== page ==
Facebook 'likes' Newark schools. Now what? Invest wisely, Zuckerberg.
Newark schools need real change, not just the kind in Facebook CEO Mark Zuckerberg’s piggy bank.
George Burns/Harpo Productions, Inc./AP
Facebook CEO Mark Zuckerberg just ponied up $100 million for the chronically failing Newark, N.J., public schools. Newark already spends $22,000 per year (twice the national average) on each of its 40,000 students, yet less than half graduate. That means the tab for each graduate's time in high school is – take a breath, dear taxpayer – more than $160,000. So will $100 million make a difference? Maybe – if Mr. Zuckerberg focuses it on what really counts.
Some tips: Put simply, teachers rule. Learning in any building rises or falls on the motivation, commitment, and talent of teachers. Yes, a student must want to learn, the parent(s) at home must back up the school each day, and a principal must maintain order. But the yellow brick road to an educated citizen is a series of competent, inspiring teachers using an enlightened curriculum.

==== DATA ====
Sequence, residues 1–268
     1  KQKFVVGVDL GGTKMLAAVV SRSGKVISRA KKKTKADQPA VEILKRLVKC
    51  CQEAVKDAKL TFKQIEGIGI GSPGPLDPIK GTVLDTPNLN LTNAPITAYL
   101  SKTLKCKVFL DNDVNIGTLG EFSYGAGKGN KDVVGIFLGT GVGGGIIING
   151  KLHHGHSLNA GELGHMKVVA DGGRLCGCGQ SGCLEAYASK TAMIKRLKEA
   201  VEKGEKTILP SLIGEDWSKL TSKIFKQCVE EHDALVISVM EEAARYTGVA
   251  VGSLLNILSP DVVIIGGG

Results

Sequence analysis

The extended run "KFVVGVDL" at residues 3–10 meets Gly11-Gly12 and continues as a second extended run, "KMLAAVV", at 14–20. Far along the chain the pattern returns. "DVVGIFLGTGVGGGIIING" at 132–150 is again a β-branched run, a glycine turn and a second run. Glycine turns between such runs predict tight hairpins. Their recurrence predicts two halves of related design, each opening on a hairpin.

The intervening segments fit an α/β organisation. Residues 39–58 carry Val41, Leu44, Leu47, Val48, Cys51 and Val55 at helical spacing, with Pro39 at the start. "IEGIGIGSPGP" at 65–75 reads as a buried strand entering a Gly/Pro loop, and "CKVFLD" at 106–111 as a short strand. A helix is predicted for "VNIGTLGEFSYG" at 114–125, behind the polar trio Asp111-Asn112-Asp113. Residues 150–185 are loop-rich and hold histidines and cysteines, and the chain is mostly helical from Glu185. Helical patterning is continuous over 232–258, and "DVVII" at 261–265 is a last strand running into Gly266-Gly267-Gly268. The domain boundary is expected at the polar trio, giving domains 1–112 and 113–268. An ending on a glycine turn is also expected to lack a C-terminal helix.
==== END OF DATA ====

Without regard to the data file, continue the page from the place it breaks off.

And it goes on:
Newark is no exception to the US achievement gap that besets low-income and minority students. So be very careful in funding anything that doesn't resonate with core instruction in reading, writing, math, and social studies in the primary grades. Include rigorous measurement. If it moves, test it.